TULLY WAS partway through drafting a memorandum when his phone buzzed. It was Su-ji, the weekend day concierge. Mr. Filling is here to see you.

Tully stared at the text in confusion for a moment, wondering why Carrie was here and when Su-ji had become so careless in her texting. Then he remembered the discussion at the bar.


Send him up, please.

Really, Tully wanted to order Su-ji to send the guy away. But Tully wasn’t the type to back out of an agreement, even if it was only a handshake deal. And definitely not when it was a promise to a friend.

He didn’t have to be happy about it, though. When his doorbell chimed less than a minute later, Tully walked over and opened it with a scowl.

Sage appeared to be somewhere in his early to mid thirties—around the same age as Tully. He was as tall as Tully too but heavier. Neither fat nor musclebound, but… substantial. His sandy-colored hair was bleached lemon yellow near the tips and arranged in a neat, short cut. Stubble darkened his jawline and upper lip, and his eyes were a warm hazel. He wore jeans, and a T-shirt with a faded Coors logo. A battered suitcase and khaki duffel bag lay at his booted feet. Sage was handsome, dammit, which Tully hadn’t expected.

“Uh, did I come at a bad time?”

Realizing he’d been staring like an idiot, Tully shook his head. “No. Sorry.” He stuck out his hand. “Bradford Tolliver. Tully.”

Sage had big hands, rough with calluses. “Sage Filling. Obviously.” He smiled uneasily and, as soon as their handshake ended, rubbed the back of his neck. “I’m just gonna—”

“Come on in.” Tully picked up the suitcase, waited for Sage to enter with the duffel, and then shut the door.

But Sage stopped in the small entryway. “Are you sure this is okay? Carrie can come on awful strong. It’s real hard to say no to her.”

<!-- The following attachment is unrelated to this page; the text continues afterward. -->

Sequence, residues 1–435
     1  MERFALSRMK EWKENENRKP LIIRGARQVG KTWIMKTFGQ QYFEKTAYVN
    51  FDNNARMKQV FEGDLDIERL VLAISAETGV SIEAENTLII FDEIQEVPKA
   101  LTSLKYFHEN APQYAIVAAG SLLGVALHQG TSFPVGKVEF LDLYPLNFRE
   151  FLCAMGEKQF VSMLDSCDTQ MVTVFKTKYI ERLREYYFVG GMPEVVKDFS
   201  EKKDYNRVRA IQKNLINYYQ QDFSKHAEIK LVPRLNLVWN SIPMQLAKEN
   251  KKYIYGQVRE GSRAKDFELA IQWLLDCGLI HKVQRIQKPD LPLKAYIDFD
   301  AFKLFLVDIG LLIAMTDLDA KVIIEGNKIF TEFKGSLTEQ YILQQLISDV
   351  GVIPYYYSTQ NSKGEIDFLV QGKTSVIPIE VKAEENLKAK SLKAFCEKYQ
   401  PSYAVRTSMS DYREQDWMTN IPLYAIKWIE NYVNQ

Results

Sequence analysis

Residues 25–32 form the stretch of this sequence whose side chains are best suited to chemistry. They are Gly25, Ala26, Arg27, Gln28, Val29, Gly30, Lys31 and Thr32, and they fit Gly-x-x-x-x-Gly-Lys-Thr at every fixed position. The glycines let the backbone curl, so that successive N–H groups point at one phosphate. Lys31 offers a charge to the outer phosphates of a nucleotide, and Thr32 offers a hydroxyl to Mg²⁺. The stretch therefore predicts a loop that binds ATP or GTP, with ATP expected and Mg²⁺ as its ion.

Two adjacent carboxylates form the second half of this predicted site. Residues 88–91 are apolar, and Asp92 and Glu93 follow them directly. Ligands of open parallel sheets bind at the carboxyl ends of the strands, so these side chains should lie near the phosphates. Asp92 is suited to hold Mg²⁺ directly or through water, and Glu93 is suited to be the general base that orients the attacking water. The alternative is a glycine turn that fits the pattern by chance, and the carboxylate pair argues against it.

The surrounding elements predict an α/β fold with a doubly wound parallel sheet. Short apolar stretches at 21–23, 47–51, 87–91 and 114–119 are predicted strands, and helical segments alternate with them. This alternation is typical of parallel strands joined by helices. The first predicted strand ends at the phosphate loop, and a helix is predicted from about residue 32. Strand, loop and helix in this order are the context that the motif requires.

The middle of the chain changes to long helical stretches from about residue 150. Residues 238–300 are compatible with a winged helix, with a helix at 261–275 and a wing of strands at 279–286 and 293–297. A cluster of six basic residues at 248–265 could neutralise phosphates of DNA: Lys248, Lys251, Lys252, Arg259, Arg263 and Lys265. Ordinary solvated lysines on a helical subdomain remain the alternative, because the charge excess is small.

“I’ve noticed. Was she always like that, or was it law school that ruined her?”

Sage had one of those crooked, boyish grins that never failed to make Tully a little weak in the knees. Tully had once spent time staring into a mirror, trying to cultivate a similar smile. But he ended up looking either demented or evil, so he gave it up. He had the feeling Sage came by his grin naturally.

“Carrie’s always been bossy,” Sage said. “When we were little, she ended up in charge of everyone at the kids’ table. She was class president every year too. I’m five years younger, and the teachers were still talking about her when I came along.”

“I’m not surprised.”

“Yeah. So, y’know, if she strong-armed you into this, I can figure something else out.”

Something else like what? Tully wanted to ask. If Sage had to pay Portland-area rent, he wouldn’t have any money left to send home to Hair Shaker. Tully didn’t want to be responsible for ruining the guy’s life.

“It’s fine. Really. I don’t mind. My place is pretty big.” Then he realized that it wasn’t exactly welcoming to have this conversation while huddled in the foyer, so he led the way into the living room. He waved his free arm. “See? It’s too big for one person, actually.”

Duffel still over his shoulder, Sage clomped to the windows and whistled when he got there. “Holy cow. Hell of a view.”

“Carrie and Leah have a good view too.” Their house was perched on stilts, which always made Tully slightly nervous. People kept saying that one of these days a big quake was going to hit the Pacific Northwest. Of course, he didn’t know if his building was any more tremorproof than their house, but at least the high-rise looked substantial.

Sage was still gazing through the glass. “Yeah. But yours is more close up to city stuff. Up in the hills, sometimes I could almost forget I was in a city. The view’s almost like a painting, you know? It’s real here. I can make out the model of every car going over those bridges.”

“Is that a good thing?”

“Dunno.” Sage turned his head to look at Tully, then turned back. “Your apartment’s closer to work. I can walk from here. Saves me gas money. Uh, Carrie said to ask you about parking.”

“Where are you parked now?”

“Metered spot down the street.”

“Well, let’s finish the tour and get you settled before you get a ticket. I have a space downstairs you can use.”

“It won’t put you out?”

His condo had originally been two smaller units. Someone had torn down the wall and made one big unit, which meant Tully got double the space, plus double the parking and double the storage in the basement. “No, it’s fine. I have an extra.”

There was that grin again. “Thanks, man.”

The condo had three bedrooms. Tully slept in the biggest one. The second one was, at least nominally, an office, although he preferred to work on the living room couch. The office contained a large expensive desk and several bookcases but no bed. That left the third bedroom for Sage. Tully called it the guest room even though no guest had used it yet. It was at the opposite end of the condo from the master bedroom, which was probably good for both privacy and peace.